Backcountry gear is an investment... There is a lot to get to properly be set up for backcountry missions. Most likely starting out, you will be doing shorter approaches and less technical skiing.
First off... Beacon, probe, shovel, first aid kit and educating yourself (take an aiare level 1 course).
As far as skis, boots, and bindings, you can go a number of ways.
Determine what you really want to focus on: making things easier on the way up, and keeping the descent more straight forward skiing... or dealing with a little more strenuous ascent, and having the confidence to jump off stuff and ripping more mixed conditions that most likely have smaller consequences than true ski mountaineering. It comes down to how important saving weight is to you for easier ascents vs. charging on the way down with the confidence in gear that could be skied inbounds. The more time spent on approaches and getting more vertical in a day the more you appreciate saving weight.
Depending on which is important you can go with an AT setup that is similar to a regular alpine set up...ie bindings like the Salomon Guardian (what I have been using), the Tyrolia Adrenaline, or the Marker Duke (I don't like it, solely based on having to un-click to switch in or out of touring mode). These are heavier and don't tour as efficiently as a tech binding setup. I can ski inbounds with confidence on any of these when avy danger or a change in plans puts me at the resort.
The other route is going with tech binding which will save weight and tour much more efficiently. There are now more rugged tech bindings out and more in the works to help bridge the gap between options. There are a lot of options now in this category and its worth talking to someone at a backcountry focused shop to get informed of the pros and cons of all the choices out there.
Boots, as with all, skiing will be the most important part. If you go with tech bindings then you most likely will go with a true AT boot. There are beginning to be better options for AT boots that still charge, and next year there will be several more options coming out to bridge the gap between weight and performance.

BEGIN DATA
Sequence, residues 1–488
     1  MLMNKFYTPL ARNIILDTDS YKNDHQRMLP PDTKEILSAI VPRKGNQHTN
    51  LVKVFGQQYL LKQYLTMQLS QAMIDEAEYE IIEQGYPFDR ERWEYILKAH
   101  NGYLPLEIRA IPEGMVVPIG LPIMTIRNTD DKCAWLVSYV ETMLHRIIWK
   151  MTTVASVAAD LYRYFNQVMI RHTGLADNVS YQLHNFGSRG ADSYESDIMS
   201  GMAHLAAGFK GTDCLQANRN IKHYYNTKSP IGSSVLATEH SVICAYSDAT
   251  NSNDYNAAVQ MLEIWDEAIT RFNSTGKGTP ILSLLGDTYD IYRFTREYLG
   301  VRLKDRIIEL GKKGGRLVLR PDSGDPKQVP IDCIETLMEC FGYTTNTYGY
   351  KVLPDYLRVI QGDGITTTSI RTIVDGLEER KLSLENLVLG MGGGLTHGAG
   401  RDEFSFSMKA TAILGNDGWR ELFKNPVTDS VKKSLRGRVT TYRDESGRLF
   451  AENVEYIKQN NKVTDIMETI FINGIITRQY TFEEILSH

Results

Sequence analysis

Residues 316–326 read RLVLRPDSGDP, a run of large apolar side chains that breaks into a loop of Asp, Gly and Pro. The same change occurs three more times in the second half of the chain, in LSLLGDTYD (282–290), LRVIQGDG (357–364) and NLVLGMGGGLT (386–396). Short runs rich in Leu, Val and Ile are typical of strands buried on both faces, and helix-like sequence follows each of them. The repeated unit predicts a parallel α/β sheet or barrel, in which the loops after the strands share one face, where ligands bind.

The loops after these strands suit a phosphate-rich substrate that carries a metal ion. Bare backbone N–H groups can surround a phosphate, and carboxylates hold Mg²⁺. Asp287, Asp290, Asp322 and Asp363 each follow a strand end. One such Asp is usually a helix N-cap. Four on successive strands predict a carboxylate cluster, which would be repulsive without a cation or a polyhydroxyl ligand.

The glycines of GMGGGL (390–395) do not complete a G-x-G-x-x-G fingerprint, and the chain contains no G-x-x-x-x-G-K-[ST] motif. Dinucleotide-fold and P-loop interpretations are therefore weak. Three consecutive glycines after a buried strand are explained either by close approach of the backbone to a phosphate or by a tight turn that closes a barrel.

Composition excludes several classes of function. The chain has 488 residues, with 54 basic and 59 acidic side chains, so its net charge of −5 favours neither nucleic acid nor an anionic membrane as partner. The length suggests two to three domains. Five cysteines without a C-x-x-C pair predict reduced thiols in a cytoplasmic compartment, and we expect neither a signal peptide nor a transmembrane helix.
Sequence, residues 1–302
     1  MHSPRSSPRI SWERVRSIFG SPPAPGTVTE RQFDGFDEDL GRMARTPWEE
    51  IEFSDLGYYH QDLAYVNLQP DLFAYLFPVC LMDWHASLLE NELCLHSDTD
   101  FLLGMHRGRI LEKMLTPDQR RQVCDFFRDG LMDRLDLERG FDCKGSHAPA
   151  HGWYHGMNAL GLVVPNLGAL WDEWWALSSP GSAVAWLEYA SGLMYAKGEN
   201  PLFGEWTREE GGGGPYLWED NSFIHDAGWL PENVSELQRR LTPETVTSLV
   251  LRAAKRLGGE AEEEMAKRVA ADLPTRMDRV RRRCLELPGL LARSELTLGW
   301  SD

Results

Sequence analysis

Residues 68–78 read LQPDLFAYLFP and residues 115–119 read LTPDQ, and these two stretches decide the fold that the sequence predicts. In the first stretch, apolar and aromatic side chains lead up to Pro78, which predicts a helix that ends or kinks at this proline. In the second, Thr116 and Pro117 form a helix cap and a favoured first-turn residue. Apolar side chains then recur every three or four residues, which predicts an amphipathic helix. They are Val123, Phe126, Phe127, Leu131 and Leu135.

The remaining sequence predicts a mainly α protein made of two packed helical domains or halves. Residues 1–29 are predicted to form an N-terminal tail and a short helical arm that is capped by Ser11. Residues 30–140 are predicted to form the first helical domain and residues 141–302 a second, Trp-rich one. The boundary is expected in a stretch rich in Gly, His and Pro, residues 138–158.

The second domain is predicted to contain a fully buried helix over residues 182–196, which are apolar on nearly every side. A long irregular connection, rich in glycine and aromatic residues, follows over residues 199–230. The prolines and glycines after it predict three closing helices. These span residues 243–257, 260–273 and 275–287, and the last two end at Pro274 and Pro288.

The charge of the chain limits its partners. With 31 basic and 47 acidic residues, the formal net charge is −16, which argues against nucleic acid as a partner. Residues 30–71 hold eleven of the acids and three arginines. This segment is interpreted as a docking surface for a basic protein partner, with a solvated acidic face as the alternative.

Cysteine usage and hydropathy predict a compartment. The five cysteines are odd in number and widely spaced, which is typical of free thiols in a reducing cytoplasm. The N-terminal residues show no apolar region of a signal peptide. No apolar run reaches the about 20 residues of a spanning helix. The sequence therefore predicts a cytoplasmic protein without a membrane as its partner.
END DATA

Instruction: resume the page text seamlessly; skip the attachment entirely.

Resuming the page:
If weight is less of a focus there are several options of downhill boots with a hike feature that tour well enough and charge on the way down. A couple even offer tech fittings...ie tecnica, K2, and possibly salomon/atomic next year (i think, can't recall right now).
No matter what route you go, take the time to go to a good shop, that will work with you to dial your boots in with you...its a process for a good fitting boot that will perform for you.
As far as skis, there are all kinds of great skis out there. Just keep weight in mind, and what type of skiing you like to do. Coming from park, if you will be trying to do any switch riding get something with dual rocker... but not too much, because the more rocker the less ski on the snow and the less grip you will have for skinning up. I have both and prefer to tour on my Dynastar Cham 107 HM over my Armada Magic J (I use this when I'm out on my sleds) due to weight, grip on steeper inclines, and much easier to kick turn. Dual rocker is better for playing with terrain, while flatter tails gives more stability when charging.
Next year there are a tons of lighter weight focused skis dropping from almost every brand.
Outerwear really does make a difference... Some light weight, breathable shells that you can layer under make it much more comfortable when working up a sweat and then getting chilly on a windy ridge or peak.
Down the road you can look at airbags, gps, ice axes, crampons, snow saws, avy tools, etc if you are doing more than simple backcountry.
Hope this helps. I can't stress the education part enough and making sure you are out with people you trust. The mountains can be unforgiving, but also the most amazing, peaceful place to explore.